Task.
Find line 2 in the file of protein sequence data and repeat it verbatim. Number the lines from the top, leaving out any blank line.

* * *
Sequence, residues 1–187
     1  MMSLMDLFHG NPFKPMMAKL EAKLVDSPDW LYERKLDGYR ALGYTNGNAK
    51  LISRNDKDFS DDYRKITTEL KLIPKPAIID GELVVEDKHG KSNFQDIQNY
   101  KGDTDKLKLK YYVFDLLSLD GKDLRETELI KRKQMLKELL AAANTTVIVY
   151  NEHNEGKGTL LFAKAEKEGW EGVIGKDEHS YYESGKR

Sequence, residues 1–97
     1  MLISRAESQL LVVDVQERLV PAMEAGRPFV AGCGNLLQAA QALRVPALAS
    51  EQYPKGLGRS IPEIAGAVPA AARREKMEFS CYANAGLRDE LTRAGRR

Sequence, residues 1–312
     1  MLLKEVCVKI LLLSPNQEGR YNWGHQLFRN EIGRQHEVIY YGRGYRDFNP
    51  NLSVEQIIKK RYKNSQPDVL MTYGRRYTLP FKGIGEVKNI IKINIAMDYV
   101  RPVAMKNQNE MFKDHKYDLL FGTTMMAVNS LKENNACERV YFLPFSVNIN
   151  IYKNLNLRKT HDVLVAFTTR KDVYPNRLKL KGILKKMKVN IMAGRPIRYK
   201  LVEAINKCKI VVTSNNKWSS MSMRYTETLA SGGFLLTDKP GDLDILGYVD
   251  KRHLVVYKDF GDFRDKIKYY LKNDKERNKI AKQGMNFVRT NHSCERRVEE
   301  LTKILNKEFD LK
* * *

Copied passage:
     1  MMSLMDLFHG NPFKPMMAKL EAKLVDSPDW LYERKLDGYR ALGYTNGNAK